Iranian audiences will have the chance to watch a film about the Holocaust next week thanks to an initiative by a French anti-racism group.
Education about the Nazi atrocities is minimal at best in a country whose president has publicly denied the Holocaust, but from Monday Claude Lanzmann’s 1985 documentary Shoah will be screened on an Iranian satellite channel.
The film, a nine-hour work which includes survivor testimony, has been dubbed from the original French into Farsi.
The plan is a brainwave of the Aladdin Project, which was set up in Paris two years ago to improve Holocaust education and challenge racism and Islamophobia.
Last month the group took more than 150 Christian, Muslim and Jewish dignitaries from around the world on a visit to Auschwitz in honour international Holocaust Memorial Day.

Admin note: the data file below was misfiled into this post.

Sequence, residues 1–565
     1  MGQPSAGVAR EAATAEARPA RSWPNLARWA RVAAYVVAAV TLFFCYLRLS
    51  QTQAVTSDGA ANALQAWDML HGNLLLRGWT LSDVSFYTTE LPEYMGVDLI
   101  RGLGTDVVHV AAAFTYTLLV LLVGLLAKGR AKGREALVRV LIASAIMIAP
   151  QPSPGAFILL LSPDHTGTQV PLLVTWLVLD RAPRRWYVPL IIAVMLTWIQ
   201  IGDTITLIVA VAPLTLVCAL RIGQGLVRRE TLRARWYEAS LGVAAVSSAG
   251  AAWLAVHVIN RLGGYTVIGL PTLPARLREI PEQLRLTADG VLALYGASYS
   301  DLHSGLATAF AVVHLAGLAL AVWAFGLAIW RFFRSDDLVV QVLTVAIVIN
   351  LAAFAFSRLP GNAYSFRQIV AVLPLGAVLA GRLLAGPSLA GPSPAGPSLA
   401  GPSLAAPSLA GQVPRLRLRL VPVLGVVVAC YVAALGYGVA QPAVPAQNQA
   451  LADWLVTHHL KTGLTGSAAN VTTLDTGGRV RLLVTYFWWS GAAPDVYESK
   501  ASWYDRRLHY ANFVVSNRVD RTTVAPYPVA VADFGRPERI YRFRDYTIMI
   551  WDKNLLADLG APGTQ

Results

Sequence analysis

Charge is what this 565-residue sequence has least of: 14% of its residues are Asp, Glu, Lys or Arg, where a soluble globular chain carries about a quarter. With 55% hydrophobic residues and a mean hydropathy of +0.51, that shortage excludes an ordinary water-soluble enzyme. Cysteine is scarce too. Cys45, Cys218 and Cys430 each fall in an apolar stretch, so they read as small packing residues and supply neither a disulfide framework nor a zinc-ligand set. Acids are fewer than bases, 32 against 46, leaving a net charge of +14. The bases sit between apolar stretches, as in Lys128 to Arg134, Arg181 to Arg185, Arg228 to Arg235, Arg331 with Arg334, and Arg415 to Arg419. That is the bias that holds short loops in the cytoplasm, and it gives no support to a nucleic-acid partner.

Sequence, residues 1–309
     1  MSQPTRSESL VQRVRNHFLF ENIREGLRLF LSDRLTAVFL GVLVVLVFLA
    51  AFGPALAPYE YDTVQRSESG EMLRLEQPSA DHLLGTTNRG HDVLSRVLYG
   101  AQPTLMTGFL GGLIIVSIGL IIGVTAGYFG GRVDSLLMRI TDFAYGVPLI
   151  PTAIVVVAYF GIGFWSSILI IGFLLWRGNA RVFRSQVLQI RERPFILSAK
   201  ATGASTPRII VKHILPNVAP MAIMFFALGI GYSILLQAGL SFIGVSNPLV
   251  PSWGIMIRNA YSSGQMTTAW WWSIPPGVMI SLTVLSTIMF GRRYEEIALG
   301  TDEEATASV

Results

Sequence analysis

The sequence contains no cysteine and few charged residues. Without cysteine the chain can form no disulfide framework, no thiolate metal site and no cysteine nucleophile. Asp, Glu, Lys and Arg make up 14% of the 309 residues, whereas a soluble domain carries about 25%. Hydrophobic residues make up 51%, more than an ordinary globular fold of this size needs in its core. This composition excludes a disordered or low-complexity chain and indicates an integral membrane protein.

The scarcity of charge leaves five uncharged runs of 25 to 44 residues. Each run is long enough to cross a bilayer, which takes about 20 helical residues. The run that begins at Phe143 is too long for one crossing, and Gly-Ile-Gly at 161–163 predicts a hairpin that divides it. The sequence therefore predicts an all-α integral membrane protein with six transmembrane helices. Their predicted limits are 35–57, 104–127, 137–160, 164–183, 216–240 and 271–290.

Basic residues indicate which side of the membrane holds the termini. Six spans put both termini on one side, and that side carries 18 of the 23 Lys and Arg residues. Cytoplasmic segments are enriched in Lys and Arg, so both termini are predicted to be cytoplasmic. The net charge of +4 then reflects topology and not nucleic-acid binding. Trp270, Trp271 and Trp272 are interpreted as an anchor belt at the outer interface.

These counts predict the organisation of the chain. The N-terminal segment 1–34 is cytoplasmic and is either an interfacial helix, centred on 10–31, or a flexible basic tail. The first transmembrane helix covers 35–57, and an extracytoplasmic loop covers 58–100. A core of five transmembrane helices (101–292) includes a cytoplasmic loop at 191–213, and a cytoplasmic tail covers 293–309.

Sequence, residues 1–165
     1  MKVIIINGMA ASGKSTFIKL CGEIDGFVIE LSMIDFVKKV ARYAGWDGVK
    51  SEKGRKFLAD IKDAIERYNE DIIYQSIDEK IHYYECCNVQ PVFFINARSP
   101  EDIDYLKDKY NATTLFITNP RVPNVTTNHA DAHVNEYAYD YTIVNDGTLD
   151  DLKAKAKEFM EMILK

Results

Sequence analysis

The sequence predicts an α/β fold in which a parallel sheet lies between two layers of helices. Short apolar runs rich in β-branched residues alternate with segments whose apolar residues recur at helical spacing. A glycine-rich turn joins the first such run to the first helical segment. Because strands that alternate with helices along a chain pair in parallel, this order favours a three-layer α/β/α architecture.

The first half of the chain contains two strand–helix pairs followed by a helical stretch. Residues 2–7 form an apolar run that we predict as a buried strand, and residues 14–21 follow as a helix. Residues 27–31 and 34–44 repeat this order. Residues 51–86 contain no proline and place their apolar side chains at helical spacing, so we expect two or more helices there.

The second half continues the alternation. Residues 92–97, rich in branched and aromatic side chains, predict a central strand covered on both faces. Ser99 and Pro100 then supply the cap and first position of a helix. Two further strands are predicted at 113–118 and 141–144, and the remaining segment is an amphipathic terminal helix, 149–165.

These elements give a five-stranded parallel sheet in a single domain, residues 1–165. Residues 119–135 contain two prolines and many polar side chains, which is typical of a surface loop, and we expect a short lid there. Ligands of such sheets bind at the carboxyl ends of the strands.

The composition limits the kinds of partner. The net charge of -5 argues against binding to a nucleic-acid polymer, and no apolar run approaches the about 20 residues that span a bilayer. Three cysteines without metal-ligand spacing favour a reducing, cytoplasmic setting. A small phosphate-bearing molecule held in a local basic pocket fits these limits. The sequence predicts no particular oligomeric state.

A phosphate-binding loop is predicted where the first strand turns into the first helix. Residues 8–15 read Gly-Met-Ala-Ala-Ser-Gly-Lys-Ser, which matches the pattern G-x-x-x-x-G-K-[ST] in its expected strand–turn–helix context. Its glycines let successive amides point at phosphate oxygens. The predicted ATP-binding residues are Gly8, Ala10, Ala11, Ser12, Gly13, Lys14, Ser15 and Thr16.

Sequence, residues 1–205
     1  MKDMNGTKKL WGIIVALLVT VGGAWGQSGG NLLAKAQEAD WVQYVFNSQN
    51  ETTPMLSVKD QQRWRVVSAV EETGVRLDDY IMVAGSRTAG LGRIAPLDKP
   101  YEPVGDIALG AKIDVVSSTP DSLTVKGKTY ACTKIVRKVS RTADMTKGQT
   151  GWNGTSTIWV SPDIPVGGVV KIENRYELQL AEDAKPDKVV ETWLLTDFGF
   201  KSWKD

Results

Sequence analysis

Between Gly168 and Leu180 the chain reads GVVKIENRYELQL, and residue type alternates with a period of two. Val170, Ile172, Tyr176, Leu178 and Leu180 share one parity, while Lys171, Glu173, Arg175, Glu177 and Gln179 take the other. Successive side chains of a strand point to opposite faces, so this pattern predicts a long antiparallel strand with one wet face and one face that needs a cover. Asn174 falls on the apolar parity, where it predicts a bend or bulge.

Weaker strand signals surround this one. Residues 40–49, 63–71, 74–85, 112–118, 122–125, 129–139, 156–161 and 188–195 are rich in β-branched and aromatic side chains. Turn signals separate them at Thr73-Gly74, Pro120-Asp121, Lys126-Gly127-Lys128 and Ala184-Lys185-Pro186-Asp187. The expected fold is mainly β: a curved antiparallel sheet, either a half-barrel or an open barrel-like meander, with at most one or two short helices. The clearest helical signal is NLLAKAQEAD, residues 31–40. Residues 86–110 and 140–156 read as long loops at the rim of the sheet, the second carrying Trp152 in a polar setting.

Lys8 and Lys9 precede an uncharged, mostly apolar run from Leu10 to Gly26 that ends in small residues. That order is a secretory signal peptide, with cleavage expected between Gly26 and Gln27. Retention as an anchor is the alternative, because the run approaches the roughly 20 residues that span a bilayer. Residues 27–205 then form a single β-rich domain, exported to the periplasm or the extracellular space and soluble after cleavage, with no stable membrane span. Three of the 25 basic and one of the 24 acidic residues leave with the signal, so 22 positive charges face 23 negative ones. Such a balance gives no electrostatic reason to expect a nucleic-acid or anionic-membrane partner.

The Iranian government has not offered support for the screening and satellite dishes are banned in the country, although this is not usually enforced.
Abe Radkin, executive director of the Aladdin Project, called on the Iranian government to support the film and said he wanted to show it in Egypt as well.
But he said: "We will wait a bit so that the political situation in Arab countries allows the broadcast of such a film.
"We need a peaceful atmosphere to concentrate on this message."